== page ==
Thus, if you can put off running a big electrical load such as your washing machine or dishwasher from 7pm (peak demand and intensity) to 10pm (eg or whenever you go to bed) you’ll probably reduce the emissions for your consumption by 10% or more.

          Rgds

          Damon

    • paul

      Hmmmm – interesting idea Damon – I suppose the opposite could also be true for when supply (from turbines on a very windy day for example) is higher than needed and beyond storage capacity, it could prompt the networked PCs to use more power by carrying out CPU intensive distributed processing tasks (such as climate change modelling or SETI)…

    • Damon Hart-Davis

      Plus, turning on extra loads *costs* end users money, whereas trimming load can be sold more easily IMHO as ‘save money, the Grid and the planet all at once with this free gadget’…

      Rgds

      Damon

    • paul

      I agree it is much more likely to be useful in a microgen scenario where you aren’t paying (or being payed)…

      I used to ‘do’ festivals with a microgen rig, and we used a tea urn to shed extra load on extra windy/sunny days (and cranking up the soundsystem of course).

      It really put me in touch with the concept of ‘harvesting’ energy and celebrating an abundance when the conditions were right :-)

      Cor – pet AI! Sounds exciting, but that page didn’t make any sense to me ;-)

    • Damon Hart-Davis

      Just put that there to blind you with science should Ecotricity just happen to need someone to help put such a scheme together! B^>

      Rgds

      Damon

    • Damon Hart-Davis

      Remember that the computers already have a Net link for remote tweaking of their power (from polling for Grid status) and so only software would be needed for the end users.

      (I have fed the other part of the idea to a smart-socket manufacturer just in case they can use it somehow, though I don’t know what the selling proposition would be! In other countries they already do this but there needs to be some agreed way of signalling to the devices, eg over radio like for Economy 7, or over DNO wires.)

      Rgds

      Damon

    • Damon Hart-Davis

      Hi again Dale,

      FYI: I’ve just found a good person at the EU Commission in the energy-efficiency/labelling area who’s in favour of tweaking energy labelling to support grid-friendly ‘dynamic demand’ stuff for wet/white goods and computers. Ie, that reduces grid balancing costs and automagically allows a little more intermittent generation on the grid.

      All I have to do it dig out some hard numbers for him that he can wave under ministers’ noses to back up such legal changes! The weight of the world is on my shoulders… B^>

      If you’ve got a cluestick for me, it would be welcome, else Google is my friend. %->

      Rgds

      Damon

    • Damon Hart-Davis

      Hi,

      I’ve updated my document (still draft!) with some real(ish) numbers, and it looks like domestic dynamic demand could eliminate much of the extra balancing cost of adding another 20GW+ of wind to the UK grid, at least over the seconds-to-hours timescale, and might even help automatically suppress domestic energy demand for a percent or more longer-term if we had a real RE drought (eg a run of cold and still days).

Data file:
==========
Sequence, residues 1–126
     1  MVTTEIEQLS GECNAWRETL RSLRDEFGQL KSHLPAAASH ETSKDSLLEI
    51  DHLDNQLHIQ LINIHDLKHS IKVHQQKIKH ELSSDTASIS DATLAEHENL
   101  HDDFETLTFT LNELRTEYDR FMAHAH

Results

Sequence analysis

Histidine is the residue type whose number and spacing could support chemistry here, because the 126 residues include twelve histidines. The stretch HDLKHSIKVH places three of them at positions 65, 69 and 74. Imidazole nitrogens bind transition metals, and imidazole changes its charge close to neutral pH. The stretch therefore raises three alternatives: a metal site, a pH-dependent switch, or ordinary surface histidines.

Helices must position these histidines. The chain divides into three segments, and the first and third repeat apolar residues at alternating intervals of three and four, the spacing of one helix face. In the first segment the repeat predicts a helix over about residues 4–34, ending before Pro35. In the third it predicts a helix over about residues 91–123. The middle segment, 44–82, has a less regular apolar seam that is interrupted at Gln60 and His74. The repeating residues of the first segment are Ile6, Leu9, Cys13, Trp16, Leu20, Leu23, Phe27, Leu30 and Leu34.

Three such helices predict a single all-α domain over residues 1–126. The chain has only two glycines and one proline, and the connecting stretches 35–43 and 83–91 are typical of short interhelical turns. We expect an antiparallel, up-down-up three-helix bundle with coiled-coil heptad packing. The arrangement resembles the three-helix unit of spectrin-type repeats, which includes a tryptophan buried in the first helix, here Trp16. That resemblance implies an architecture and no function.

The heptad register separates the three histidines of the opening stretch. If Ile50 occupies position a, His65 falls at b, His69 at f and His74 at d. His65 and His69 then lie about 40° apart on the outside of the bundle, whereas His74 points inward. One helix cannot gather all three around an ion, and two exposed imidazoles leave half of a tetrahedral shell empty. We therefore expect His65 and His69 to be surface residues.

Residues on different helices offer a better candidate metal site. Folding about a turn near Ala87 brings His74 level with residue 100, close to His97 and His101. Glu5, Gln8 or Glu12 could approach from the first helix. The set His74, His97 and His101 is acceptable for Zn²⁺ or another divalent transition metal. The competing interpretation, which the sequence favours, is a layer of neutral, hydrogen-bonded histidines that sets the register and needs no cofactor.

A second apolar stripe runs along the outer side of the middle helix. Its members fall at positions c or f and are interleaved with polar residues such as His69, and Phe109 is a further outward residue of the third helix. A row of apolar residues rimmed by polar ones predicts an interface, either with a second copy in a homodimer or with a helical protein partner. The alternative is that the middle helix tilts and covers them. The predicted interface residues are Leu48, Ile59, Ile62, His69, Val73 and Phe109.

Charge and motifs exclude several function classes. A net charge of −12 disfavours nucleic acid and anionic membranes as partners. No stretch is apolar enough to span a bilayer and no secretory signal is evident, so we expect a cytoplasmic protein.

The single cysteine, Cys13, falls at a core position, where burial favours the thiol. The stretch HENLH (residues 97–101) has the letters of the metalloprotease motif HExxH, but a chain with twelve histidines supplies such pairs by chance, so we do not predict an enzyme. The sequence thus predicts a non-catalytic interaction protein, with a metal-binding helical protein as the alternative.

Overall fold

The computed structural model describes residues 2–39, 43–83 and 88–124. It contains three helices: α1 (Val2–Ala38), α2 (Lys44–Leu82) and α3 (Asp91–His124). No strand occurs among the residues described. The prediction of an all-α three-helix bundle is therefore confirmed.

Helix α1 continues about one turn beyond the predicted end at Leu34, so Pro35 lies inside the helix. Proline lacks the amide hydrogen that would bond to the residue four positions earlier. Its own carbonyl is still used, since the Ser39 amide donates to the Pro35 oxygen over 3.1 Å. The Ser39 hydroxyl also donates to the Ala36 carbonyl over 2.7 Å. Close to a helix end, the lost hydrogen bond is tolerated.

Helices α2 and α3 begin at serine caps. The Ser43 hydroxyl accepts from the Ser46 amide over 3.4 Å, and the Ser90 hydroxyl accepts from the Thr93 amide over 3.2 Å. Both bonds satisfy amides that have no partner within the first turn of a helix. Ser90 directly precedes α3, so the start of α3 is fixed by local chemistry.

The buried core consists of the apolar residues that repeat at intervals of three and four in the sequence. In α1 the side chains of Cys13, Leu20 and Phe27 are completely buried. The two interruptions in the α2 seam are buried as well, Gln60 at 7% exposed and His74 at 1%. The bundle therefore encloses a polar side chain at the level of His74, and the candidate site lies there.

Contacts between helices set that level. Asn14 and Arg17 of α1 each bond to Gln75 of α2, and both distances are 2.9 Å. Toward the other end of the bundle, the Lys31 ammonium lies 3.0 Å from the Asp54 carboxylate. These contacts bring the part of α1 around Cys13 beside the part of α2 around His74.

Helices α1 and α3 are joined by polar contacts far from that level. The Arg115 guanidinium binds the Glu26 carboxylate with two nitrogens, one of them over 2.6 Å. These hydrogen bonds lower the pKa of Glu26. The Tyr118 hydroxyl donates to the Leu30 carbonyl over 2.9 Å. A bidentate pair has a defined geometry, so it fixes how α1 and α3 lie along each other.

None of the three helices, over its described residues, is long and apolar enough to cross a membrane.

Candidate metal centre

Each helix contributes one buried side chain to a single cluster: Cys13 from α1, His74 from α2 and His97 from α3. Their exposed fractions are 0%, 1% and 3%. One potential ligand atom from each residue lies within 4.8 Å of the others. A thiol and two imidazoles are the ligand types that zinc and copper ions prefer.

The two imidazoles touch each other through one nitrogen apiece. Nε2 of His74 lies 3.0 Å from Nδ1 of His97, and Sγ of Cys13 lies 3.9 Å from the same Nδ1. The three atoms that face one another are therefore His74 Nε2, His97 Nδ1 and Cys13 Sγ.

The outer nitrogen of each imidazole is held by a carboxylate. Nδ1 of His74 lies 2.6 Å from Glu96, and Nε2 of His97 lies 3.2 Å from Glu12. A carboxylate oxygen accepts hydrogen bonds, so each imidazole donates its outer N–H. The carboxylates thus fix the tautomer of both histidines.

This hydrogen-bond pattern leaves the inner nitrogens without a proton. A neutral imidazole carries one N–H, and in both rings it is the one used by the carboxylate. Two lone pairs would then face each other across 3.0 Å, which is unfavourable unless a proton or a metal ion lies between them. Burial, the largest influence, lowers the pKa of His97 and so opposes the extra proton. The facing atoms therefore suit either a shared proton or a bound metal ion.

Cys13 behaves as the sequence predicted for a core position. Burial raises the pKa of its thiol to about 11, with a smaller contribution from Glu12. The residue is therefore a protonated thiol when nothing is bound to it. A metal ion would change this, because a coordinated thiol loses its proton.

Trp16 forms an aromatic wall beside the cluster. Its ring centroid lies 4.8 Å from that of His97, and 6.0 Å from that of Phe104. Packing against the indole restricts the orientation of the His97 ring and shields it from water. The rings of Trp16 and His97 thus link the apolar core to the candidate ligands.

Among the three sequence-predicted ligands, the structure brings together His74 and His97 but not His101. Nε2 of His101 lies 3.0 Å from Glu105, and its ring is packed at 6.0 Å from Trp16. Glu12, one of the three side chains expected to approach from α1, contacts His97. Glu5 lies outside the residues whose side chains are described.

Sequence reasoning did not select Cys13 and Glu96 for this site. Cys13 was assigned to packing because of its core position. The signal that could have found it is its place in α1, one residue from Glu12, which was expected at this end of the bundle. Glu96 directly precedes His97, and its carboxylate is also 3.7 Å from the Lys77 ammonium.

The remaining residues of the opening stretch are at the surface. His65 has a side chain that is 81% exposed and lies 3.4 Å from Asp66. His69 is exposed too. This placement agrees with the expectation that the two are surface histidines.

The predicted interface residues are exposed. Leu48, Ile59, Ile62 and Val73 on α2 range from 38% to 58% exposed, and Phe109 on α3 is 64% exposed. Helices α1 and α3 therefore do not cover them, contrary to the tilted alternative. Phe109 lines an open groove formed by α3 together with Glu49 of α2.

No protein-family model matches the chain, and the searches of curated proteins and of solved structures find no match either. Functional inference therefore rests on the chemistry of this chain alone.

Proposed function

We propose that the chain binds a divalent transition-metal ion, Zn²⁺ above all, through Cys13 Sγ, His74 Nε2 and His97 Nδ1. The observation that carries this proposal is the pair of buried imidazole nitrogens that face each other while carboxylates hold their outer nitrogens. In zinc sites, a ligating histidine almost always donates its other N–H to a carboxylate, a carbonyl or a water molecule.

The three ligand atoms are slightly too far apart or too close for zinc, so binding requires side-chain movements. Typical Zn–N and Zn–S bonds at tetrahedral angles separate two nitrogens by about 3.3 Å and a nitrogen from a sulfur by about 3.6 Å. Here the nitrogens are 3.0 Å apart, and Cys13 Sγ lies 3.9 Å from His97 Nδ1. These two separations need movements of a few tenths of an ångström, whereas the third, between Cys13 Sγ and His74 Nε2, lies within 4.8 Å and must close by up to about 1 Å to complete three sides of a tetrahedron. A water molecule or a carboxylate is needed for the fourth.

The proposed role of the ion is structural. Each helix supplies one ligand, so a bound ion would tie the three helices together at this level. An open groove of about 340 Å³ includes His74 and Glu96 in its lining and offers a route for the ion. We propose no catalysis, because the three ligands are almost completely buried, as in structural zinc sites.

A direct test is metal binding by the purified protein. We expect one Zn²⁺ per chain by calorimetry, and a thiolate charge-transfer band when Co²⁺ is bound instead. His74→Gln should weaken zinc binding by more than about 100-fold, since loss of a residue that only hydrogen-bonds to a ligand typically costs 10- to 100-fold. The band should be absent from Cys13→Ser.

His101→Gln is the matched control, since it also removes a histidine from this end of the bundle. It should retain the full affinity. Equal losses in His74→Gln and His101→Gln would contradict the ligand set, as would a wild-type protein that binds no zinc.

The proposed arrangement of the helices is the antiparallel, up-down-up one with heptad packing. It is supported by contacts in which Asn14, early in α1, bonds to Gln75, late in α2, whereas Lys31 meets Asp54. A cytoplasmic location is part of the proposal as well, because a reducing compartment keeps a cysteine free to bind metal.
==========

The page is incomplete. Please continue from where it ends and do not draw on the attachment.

BTW, the DUKES report for 2008 confirms that wind passed hydro for electricity generation in 2007!

      Rgds

      Damon

    • Damon Hart-Davis

      Ho hum, looks like I have to eat some fairly substantial but tasty hat… Ed Miliband said today that microgenerators will be getting a FIT in the current Energy Bill.

      Rgds

      Damon

        • Jonny Holt

          Hello Damon et al,

          As was widely predicted, Feed In Tariffs for microgen have now appeared in the UK – just as they are being cut in Germany.

          Read this, from George Monbiot:

          http://www.monbiot.com/archives/2010/03/01/a-great-green-rip-off/

          I am thinking of setting up in business making fake solar panels (a la burglar alarm boxes) to satisfy the market that will emerge among people who want to buy power from the grid at 7p/unit and sell it straight back at 44p while appearing to have a legitimate means of doing so.

          After all, why should I even bother with the expense of the real thing if my only interest is money?

          Does anyone else want to join me in this lucrative venture? It is a sure-fire investment.

          Best regards,

          Jonny.

            • Damon Hart-Davis

              Other than the straight fraud angle, you (or the purchasers or your fakes) will need to allow Ofgem to inspect your setup (including the total generation meter) at short notice as we all do, and you’ll have to collude with an MCS-certified installer to have your ‘installation’ accepted. And unless you are very careful the stats will stick out like a sore thumb…

              None of that impossible to swerve past, but mugging OAPs would probably generate you more revenue per annum.

              Rgds

              Damon

                • Jonny Holt

                  Hello Damon,

                  I’m sorry – maybe I should have prefaced my last post with an “irony alert”. However, I would not be surprised to see this sort of venture reported in the media in the years to come.

                  My point is that the flawed logic underpinning the new feed in tariff regime appears to have nothing to do with truly greening the nation. It seems to be a shallow attempt at appealing to the baser instincts of the British householder and avoids what could have been a genuine policy to promote renewables – directing a similar amount of money towards big wind, for instance.